The daring rescue of Apricot appreciated

Or, why I never want to leave Manitoulin

To the Expositor

My yard’s tallest cedar is almost forty feet high so, naturally, it was the one selected by my nine month old cat, Apricot, after he escaped through an open window in pursuit of a bird. Unlike the bird, Apricot refused to leave his perch on the very top branch despite my coaxing, calling and leaving wet food near the trunk. (My apologies to those neighbours who, like me, spent a sleepless night listening to a loud cat with a long range meowing and wailing.)

What to do? When morning arrived, I called Rainbow Rescue (Bleu Fisher) who creatively coordinated a full day of activities that drew in caring neighbours, the church’s twenty foot extension ladder and repeated attempts to call down and catch Apricot, now better deserving the name Apri-not-to-be-cot.

As darkness fell for the second very cold night, Bleu instructed me saying, “If we don’t get him down tomorrow morning you’re going to have to call the fire department. Your cat’s in distress.”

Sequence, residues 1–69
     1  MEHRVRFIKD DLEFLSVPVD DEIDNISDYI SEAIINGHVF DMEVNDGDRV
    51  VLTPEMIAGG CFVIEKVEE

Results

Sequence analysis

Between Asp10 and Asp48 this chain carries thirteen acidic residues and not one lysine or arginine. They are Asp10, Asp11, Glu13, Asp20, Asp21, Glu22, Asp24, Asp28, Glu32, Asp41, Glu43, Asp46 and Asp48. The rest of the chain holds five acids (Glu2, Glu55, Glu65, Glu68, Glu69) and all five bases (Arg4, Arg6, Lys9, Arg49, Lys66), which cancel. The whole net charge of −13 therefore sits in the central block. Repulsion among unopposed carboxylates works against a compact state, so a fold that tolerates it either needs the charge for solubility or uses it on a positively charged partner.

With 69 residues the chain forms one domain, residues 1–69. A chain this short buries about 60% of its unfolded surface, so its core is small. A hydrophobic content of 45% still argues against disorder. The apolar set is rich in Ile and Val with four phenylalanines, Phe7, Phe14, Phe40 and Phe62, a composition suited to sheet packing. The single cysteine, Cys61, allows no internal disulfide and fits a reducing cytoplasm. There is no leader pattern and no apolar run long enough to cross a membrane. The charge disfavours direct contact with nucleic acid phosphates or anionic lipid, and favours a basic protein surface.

Fire department? A sincere thank you to the NEMI volunteer fire department. Their quick response and immediate action to rescue my cat from his precarious perch ended his thirty-hour ordeal in frigid temperatures, averted a tragedy and possibly prevented further injury to concerned neighbours who had already risked their own safety on extension ladders in icy conditions.

Back in my home town of Toronto people might laugh at the idea of a fire fighter feline rescue but hey, this is Manitoulin Island, where neighbourhood safety might still be a fire department priority. On Manitoulin one can say with emphasis, “There’s no place like home.”

Madii Kasem

Little Current